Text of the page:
• Binding style — self cover bindings are the most common, popular, and least expensive. We recommend this binding style for almost all children’s board book projects. But we’re happy to do a hard case if that’s what you’d prefer. We can also add a sponge insert to make a softer, more tactile cover, do cut-outs, windows, flaps, and pop-ups. But they will, obviously, increase the price. If it’s your first experience self-publishing a children’s board book, it’s probably best to keep it simple until you have built up your market and distribution network and started making a profit on sales.
  • Shipping — we can ship anywhere in the world, by air, land, and sea. Which option is the most economical for you depends on where you want the books shipped to and how many books — by weight, not number — you want to ship. We can also store books for you for up to a year and ‘drip feed’ batches of them by mail — even singly — as you need them.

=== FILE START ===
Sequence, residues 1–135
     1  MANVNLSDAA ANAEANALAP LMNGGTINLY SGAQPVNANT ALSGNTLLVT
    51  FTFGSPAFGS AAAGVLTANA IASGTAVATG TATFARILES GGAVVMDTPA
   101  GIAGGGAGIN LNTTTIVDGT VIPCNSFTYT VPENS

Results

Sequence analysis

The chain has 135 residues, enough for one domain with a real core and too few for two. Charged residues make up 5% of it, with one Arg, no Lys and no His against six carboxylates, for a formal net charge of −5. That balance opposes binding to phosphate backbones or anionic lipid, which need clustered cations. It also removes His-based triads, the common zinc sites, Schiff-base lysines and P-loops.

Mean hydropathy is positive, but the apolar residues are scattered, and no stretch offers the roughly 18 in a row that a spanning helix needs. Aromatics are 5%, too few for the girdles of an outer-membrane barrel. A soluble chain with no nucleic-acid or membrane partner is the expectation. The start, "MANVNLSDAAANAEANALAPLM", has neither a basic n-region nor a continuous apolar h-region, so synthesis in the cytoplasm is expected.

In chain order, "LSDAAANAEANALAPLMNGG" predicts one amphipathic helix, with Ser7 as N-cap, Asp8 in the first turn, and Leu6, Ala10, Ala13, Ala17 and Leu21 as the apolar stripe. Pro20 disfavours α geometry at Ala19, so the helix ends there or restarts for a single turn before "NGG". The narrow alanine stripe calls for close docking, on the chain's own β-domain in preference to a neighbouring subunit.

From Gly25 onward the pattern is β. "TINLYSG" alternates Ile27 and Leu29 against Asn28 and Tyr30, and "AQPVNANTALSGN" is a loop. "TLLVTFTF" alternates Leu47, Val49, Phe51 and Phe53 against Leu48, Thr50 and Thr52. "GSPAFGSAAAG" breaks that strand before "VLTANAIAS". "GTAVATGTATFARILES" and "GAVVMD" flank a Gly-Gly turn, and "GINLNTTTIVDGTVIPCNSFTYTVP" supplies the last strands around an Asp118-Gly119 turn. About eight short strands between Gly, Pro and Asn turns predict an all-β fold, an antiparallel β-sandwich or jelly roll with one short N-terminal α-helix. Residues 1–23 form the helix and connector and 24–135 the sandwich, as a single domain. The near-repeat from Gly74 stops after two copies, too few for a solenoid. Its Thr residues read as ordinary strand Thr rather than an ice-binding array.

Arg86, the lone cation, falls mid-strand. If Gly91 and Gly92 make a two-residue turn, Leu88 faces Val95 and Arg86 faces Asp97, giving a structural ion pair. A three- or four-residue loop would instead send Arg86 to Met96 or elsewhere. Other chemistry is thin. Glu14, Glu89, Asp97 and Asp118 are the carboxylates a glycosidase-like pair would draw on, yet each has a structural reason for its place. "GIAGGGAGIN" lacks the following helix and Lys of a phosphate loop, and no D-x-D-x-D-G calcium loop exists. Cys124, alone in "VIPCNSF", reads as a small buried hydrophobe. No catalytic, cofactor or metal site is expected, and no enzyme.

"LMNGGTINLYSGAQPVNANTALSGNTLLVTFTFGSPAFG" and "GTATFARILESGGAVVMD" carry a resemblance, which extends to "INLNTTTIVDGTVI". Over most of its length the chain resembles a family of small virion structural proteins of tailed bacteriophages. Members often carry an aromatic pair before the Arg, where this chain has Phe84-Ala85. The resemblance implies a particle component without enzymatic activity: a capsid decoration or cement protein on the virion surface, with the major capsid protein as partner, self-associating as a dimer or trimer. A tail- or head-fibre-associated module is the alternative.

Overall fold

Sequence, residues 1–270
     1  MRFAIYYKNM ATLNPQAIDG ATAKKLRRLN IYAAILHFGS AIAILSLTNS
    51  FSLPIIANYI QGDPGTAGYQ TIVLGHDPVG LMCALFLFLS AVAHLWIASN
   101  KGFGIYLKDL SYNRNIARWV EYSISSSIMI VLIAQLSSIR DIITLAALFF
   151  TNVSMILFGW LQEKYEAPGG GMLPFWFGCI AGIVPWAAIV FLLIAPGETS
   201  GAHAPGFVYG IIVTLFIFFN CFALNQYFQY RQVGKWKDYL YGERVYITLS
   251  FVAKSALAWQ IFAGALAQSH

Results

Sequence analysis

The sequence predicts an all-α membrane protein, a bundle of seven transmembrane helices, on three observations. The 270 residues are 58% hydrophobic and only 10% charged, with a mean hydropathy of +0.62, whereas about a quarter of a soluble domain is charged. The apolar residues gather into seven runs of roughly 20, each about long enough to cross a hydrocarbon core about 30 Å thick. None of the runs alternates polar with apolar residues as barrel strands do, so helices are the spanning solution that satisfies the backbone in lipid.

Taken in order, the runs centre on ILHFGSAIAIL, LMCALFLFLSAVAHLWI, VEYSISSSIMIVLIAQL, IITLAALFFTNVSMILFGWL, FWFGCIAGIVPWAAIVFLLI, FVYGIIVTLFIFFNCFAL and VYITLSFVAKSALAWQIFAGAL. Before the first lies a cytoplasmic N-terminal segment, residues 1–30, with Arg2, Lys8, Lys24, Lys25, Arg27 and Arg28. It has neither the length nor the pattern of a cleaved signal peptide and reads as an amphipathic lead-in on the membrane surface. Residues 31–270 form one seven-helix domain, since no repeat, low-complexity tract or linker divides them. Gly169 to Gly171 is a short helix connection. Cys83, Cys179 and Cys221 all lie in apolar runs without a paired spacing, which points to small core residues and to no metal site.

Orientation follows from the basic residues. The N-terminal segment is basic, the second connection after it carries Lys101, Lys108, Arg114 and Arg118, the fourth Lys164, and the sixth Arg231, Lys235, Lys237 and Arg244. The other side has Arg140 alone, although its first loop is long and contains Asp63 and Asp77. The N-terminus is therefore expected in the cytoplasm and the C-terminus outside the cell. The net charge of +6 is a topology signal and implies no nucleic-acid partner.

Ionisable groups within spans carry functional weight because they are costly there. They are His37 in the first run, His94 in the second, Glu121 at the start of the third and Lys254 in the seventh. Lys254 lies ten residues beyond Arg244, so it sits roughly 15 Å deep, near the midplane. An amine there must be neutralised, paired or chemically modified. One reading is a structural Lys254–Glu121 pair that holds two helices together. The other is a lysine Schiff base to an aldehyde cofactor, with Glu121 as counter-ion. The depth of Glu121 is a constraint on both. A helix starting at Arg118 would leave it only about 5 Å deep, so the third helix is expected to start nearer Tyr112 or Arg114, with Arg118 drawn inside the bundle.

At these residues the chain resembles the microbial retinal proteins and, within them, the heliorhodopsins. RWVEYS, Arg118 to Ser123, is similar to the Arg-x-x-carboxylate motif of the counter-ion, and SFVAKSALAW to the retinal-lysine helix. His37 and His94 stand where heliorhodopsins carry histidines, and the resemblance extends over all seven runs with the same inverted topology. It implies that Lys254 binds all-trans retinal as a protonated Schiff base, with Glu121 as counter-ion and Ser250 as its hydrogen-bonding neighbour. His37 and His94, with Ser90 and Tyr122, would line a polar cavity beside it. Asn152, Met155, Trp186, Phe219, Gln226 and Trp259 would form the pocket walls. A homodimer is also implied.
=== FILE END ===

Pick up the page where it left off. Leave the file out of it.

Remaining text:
As you can see, there’s a lot to think about, plan, budget for, and organize when you decide to self-publish children’s board books. But don’t let that put you off. Plenty of authors just like you do this every day. And once you’ve published one and you’ve learned the ropes, it gets easier and more straightforward. If you feel you’d like to learn more about self-publishing board books — especially the marketing and promotion side — read our useful article, How to Self-Publish a Children’s Board Book.

 

Talk to us!

As we said, we know this business inside out and have a ton of experience helping independent authors realize their board book dreams. Get in touch for an informal chat about what you have in mind and how we can help. And if you’re ready to go to print, we’ll happily give you a no-obligation quote for the job. We can’t wait to hear from you!